Tendering can often be a complex process within the pharmaceutical world.
In this article we break down the 3 core principles of the tendering process in a comprehensive summary of:
- tendering types,
- and awards splits.
A tender is typically defined by the number of suppliers allowed to bid for the supply contract.
Bidding is open for all interested suppliers.
Participation limited to pre-registered or pre-qualified suppliers.
It’s important not to confuse tendering with competitive negotiation where the buyer approaches a small number of potential suppliers to negotiate for specific price/terms.
Non-fixed duration tenders
Tenders occur at irregular periods at the discretion of healthcare authorities.
This makes tender planning difficult for manufacturers and demands high agility for their tender submission processes.
Fixed duration tenders
Tenders which occur at fixed periods e.g. multiyear, annually, multiple times per year.
For example, in the UK, manufacturers are invited to tender for the supply of fertility treatments cyclically in each region every four years. Although this makes submission planning easier, losing a multi-year tender can create issues for the manufacturer in terms of multiple years of lost revenue and production of excess stock.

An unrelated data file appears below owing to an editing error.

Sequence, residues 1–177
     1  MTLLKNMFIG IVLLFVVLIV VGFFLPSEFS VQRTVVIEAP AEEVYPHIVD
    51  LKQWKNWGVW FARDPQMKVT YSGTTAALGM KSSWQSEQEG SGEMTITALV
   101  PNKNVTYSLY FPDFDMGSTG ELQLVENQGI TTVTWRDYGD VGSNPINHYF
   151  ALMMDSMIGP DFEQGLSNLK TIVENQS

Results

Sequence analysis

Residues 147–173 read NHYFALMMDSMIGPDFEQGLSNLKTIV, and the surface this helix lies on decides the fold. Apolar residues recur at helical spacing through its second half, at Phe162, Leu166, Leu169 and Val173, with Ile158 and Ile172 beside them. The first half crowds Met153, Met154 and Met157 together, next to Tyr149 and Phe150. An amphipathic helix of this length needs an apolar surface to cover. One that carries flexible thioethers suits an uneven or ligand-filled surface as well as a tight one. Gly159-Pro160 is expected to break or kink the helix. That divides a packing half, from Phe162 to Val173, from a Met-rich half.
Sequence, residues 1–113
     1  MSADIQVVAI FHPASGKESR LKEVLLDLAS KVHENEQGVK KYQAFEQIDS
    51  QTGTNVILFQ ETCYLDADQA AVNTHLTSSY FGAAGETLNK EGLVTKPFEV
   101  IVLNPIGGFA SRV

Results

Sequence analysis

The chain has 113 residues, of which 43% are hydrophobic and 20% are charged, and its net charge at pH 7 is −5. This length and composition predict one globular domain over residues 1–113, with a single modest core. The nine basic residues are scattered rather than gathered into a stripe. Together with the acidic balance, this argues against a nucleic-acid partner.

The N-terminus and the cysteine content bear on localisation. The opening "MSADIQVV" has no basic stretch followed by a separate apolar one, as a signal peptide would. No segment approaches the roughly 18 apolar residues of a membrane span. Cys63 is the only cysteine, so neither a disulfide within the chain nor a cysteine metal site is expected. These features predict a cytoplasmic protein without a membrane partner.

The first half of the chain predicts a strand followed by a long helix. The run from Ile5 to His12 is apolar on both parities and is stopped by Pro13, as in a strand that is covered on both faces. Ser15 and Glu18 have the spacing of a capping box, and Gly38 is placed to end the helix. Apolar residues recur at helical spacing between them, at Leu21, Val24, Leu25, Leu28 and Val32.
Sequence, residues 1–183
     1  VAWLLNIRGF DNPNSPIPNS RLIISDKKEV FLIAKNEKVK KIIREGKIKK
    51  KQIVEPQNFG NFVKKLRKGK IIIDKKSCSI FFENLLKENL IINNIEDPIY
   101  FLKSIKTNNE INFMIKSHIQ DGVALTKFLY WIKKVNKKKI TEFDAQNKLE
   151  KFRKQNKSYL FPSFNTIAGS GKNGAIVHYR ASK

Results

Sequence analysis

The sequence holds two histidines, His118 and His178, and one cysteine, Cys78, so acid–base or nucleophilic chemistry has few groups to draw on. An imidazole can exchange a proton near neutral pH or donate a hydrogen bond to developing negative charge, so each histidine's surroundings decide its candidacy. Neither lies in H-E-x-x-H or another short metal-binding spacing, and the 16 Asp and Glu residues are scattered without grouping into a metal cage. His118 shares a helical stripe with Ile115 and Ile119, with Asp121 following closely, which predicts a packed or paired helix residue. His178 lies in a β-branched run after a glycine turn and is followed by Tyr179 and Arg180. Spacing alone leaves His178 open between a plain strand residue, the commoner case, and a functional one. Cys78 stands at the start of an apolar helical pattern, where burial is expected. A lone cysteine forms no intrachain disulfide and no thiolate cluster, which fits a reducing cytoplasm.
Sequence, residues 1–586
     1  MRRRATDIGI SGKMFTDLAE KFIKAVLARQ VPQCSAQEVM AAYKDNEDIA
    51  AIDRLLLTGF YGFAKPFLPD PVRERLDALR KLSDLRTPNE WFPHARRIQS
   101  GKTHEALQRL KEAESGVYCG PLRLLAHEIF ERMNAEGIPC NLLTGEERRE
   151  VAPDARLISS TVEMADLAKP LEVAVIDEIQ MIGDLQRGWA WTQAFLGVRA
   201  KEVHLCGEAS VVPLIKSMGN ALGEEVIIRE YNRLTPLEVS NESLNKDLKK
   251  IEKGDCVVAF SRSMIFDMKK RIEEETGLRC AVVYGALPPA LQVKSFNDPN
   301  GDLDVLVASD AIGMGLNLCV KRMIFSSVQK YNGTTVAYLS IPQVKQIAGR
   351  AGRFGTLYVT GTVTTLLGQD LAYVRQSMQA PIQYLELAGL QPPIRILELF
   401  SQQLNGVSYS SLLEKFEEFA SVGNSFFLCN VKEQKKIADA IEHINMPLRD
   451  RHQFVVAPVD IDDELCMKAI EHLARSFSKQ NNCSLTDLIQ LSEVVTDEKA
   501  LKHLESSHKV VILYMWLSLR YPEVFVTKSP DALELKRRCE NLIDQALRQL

Tender award splits
Single Buyer Tenders
One bidder is awarded the entirety of the tender contract.
Awarding a single bidder the entire award carries a higher perceived impact on reducing price levels but it also means that the buyer faces a higher risk of encountering a drug shortage.
The tender contract is split between a number of bidders
Although awarding multiple bidders carriers less risk in terms of potential supply shortages, it also means a lower perceived impact on reducing price – one of the key buyer motivations for tendering.